#8 Haystack

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Posted 25 July 2003 - 02:39 PM

Great idea Bernard. That would probably be enough to keep people from falling into the overwildcarding trap.

#9 burgeltz

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Posted 25 July 2003 - 02:43 PM

I see what you're saying, Haystack.

The good news is that Google is beefing up the help text on their "chose your keywords" form. I notice they're also pointing people to their Power Posting tutorial, which is a great idea (luv that Power Posting).

So maybe they're getting the message...

#10 DanThies

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Posted 26 July 2003 - 12:43 AM

If I owned Google (and I don't), I'd write a manual that explained all this stuff. Andrew Goodman would not be happy (since he "wrote the book" on using Adwords), but it would be a good thing for their business.

#11 Farhan

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Posted 26 July 2003 - 03:43 PM

Google does not have other payments options than the credit card. For larger amounts, it's really hard to keep up with them. For one of our clients, when we run the campaign, the credit card hits its limit and the account it shut down. The card is bagged for three days for security measures by the bank for excessive charging!!

Comparatively Overture does accept payments through Wires and Bank transfers which makes it a lot easier to pay them. We have written this to Google a couple of times, but to no avail. -_-

#12 DanThies

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Posted 26 July 2003 - 06:47 PM

The major difficulty is that they keep raising the amount which they will charge. If you make your $50 payments and keep spending more than that, they will keep raising the amount. For a large campaign, you almost need to use American Express.

#13 Haystack

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Posted 26 July 2003 - 08:26 PM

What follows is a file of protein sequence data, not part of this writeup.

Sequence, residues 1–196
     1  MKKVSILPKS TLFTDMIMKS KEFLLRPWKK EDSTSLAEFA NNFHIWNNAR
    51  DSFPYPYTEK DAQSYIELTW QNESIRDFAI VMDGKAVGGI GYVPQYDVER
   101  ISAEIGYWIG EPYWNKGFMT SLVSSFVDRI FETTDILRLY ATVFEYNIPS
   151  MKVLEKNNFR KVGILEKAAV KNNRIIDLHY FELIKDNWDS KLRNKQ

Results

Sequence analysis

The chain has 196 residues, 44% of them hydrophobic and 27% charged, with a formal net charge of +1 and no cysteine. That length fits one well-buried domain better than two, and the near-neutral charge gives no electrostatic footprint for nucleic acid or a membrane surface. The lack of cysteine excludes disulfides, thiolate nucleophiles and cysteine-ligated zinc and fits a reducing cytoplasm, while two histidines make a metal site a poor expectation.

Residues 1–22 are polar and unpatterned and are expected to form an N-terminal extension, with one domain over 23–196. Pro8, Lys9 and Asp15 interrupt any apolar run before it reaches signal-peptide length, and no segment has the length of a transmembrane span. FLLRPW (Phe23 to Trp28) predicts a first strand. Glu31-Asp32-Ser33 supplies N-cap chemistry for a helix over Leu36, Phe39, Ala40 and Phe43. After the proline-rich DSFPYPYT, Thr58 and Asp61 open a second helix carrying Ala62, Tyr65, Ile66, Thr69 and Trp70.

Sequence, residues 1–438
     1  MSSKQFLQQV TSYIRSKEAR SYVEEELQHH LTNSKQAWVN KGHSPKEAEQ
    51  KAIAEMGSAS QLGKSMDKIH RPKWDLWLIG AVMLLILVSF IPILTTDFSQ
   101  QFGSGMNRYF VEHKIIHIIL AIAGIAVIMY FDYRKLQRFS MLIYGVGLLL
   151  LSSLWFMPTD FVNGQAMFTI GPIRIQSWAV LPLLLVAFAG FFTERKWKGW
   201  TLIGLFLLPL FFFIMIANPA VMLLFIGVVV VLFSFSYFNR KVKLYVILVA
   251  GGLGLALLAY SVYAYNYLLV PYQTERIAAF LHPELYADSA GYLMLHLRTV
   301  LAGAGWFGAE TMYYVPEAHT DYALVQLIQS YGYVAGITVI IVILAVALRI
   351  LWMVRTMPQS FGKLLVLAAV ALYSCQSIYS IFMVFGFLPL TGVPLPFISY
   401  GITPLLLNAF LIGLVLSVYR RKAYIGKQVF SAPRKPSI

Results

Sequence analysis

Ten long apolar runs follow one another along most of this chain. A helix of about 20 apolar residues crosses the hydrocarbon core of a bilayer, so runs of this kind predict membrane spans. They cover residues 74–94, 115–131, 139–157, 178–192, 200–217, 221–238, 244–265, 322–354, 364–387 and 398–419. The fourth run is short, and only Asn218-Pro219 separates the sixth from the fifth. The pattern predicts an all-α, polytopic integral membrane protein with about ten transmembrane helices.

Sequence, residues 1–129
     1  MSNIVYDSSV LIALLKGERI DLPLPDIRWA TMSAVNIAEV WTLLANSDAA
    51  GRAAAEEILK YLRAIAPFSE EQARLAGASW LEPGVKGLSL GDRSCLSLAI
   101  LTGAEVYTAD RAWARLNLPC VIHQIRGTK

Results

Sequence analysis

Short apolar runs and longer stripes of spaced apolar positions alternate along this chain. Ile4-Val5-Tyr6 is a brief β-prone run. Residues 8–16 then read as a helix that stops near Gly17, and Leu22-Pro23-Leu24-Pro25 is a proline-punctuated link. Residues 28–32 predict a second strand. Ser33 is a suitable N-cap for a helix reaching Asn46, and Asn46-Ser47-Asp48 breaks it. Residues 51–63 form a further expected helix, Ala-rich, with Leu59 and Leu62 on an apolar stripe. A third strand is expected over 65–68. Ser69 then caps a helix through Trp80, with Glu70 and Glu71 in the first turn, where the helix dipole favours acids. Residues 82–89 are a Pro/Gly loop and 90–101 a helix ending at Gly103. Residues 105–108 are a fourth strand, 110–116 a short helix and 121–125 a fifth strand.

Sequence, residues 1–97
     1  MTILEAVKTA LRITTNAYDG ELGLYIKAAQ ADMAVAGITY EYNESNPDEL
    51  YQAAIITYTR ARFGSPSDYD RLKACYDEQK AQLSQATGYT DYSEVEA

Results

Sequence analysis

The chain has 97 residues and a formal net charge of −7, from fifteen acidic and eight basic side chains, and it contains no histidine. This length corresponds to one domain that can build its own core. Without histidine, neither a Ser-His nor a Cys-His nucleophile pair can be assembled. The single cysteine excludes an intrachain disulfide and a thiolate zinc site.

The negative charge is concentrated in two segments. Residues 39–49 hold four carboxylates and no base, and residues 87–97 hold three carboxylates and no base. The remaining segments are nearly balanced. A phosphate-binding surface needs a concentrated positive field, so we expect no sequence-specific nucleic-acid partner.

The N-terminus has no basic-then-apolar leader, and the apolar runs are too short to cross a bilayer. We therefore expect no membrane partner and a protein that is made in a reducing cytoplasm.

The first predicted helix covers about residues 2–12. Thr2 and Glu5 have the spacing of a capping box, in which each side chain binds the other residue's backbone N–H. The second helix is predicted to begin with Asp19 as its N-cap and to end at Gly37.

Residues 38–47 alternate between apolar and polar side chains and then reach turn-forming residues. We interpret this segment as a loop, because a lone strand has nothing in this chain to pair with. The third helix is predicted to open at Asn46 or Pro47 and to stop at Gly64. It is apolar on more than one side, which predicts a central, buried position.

Andrew Goodman would not be happy (since he "wrote the book" on using Adwords), but it would be a good thing for their business.

Maybe they could contract with Andrew to create a Max Headroom-like interactive tutorial for Adwords?

Farhan, it sounds like your client might want to make a quick call to their credit card company to have their card's limit increased.

#14 Farhan

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Posted 27 July 2003 - 09:00 AM

I forgot to mention that to avoid fraudulent transactions, the banks over here set a daily limit on your credit. This includes both the amount of transactions and/or the amount of charging. Our client has a sufficient limit on their credit card, and it's not the limit but the overall bank policy that is bothering us. So, we asked Google to accept payments through some other way, but they couldn’t :beer:

#15 Herbert

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Posted 29 July 2003 - 07:32 PM

@Farhan & all
Hi, its me the newbie :aloha:
I hope to learn a lot for all topics here from you, guys :D
My 1st posting:
I did the same in germany to google.de: they only have the credit card for payments. I wrote 2 mails, but I got the same answer: --"we will check for the future to have bank transfers etc."--
So, I think they will _never_ switch over to payments like Overture or Espotting ...